AMD (Advanced Micro Devices) unveiled its ambitious plan to compete with industry giant Nvidia in the artificial intelligence (AI) market. The announcement came shortly after AMD’s quarterly outlook fell short of expectations, causing its shares to dip. The company has high hopes for its upcoming MI300X chip, aiming to disrupt Nvidia’s dominance in the data center AI chip market, a critical component for technologies like Chat Gpt.
During an investor call, AMD’s Chief Executive, Lisa Su, has revealed that “multiple, large hyperscale customers” have already committed to using the MI300 chips, referring to major tech and cloud computing companies that are on board. This boost in confidence has led AMD to increase its revenue forecast for the fourth quarter from $300 million to $400 million. Notably, this call also marked the first time AMD provided a sales projection for the MI300 chip in 2024, estimating about $2 billion in sales.
However, the positive outlook for the MI300 chip was countered by a somewhat lackluster performance in other segments, causing the company to miss Wall Street’s expectations for the fourth quarter. The company’s overall performance was severely impacted due to a decline in demand for programmable chips used in various industries, such as wireless communications, Healthcare, and Auto industries.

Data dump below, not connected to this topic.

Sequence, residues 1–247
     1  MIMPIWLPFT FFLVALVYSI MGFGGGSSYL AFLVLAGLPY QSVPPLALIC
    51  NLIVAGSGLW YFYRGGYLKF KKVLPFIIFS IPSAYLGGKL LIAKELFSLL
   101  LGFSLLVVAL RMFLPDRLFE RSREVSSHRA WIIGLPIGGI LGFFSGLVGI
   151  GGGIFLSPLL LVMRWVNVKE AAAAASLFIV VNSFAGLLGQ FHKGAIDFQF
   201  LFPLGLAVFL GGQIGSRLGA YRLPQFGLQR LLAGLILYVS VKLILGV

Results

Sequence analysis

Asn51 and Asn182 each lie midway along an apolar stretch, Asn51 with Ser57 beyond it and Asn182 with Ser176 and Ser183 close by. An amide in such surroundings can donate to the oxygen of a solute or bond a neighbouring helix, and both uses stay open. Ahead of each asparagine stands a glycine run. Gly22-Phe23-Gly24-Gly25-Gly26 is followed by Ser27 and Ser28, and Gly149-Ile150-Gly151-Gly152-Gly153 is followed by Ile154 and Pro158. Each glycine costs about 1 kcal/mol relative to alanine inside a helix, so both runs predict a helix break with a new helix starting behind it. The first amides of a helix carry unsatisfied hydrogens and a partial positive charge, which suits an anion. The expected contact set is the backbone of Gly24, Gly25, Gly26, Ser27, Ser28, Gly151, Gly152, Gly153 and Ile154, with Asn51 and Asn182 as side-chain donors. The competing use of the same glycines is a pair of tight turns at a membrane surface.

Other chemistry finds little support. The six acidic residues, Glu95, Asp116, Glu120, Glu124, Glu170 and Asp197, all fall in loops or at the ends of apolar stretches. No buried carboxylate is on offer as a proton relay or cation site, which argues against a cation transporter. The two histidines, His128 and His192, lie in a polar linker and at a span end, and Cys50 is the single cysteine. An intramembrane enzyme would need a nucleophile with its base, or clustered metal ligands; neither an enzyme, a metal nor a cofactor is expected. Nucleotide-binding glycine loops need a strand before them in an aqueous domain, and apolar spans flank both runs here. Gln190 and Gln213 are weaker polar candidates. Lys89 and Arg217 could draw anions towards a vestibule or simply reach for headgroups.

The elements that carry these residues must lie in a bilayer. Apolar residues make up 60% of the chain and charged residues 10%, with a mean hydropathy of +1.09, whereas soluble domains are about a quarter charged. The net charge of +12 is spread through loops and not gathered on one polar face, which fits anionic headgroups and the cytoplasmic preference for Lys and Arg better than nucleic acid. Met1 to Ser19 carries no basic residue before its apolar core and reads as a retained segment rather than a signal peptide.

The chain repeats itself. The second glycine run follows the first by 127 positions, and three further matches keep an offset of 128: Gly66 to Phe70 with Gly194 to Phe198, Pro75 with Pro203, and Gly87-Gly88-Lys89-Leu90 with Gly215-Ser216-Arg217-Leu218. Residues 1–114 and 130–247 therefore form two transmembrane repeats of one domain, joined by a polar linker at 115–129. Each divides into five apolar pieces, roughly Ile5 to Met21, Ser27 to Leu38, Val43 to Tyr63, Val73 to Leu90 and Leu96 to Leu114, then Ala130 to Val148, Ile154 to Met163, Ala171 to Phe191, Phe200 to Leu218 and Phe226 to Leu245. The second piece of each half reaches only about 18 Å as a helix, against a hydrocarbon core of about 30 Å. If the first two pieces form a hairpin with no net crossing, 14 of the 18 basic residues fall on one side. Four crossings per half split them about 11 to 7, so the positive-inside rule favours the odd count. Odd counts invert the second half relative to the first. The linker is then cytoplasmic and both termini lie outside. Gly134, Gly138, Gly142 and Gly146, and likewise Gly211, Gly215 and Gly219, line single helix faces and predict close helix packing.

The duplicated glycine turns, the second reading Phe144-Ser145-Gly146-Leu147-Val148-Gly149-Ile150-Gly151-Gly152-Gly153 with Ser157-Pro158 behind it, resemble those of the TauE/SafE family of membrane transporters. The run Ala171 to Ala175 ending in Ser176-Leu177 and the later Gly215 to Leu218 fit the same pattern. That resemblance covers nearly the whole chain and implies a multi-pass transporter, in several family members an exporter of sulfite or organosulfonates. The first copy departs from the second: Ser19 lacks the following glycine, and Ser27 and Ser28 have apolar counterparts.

AMD’s Xilinx business, known for its high margins were negatively affected by Intel’s recent statement indicating a long-term decline in demand for programmable chips.
The expansion of U.S. sanctions on chip exports to Beijing will be another challenge on the horizon for AMD. These restrictions will force AMD to obtain licenses for selling its high-end AI chips in China, a move it plans to make in the fourth quarter. Additionally, the capital spending cuts by a key customer, Meta Platforms, could add to the company’s challenges.
Forecasts for the year
In its financial guidance for the current quarter, AMD forecasts revenue of around $6.1 billion, with a potential variance of $300 million. However, analysts polled by LSEG anticipate revenue to reach $6.37 billion, highlighting the company’s ongoing challenges. AMD’s adjusted gross margin is projected to be 51.5%, slightly below market estimates of 52.1%.
AMD’s adjusted revenue increased by 4% to reach $5.8 billion in the third quarter, surpassing earlier estimates of $5.7 billion. The company reported adjusted profits of 70 cents per share, exceeding analyst expectations of 68 cents per share according to LSEG data.
In terms of revenue segments, the data center business remained relatively steady at $1.6 billion during the third quarter. Meanwhile, the client segment, catering to the PC market, experienced a substantial 42% growth, achieving $1.5 billion in sales, signaling a revival in demand. However, the housing programmable chip segment saw a 5% decrease in revenue, falling to $1.2 billion. Gaming revenue also contracted by 8%, settling at $1.5 billion.
AMD’s strategic move to challenge Nvidia’s dominance in the AI market with the MI300X chip presents an exciting opportunity for the company, potentially unlocking substantial revenue streams. Nevertheless, the uncertain global economic landscape, export restrictions, and challenges in other business segments continue to pose significant hurdles for AMD as it strives to regain its competitive edge in the chip industry.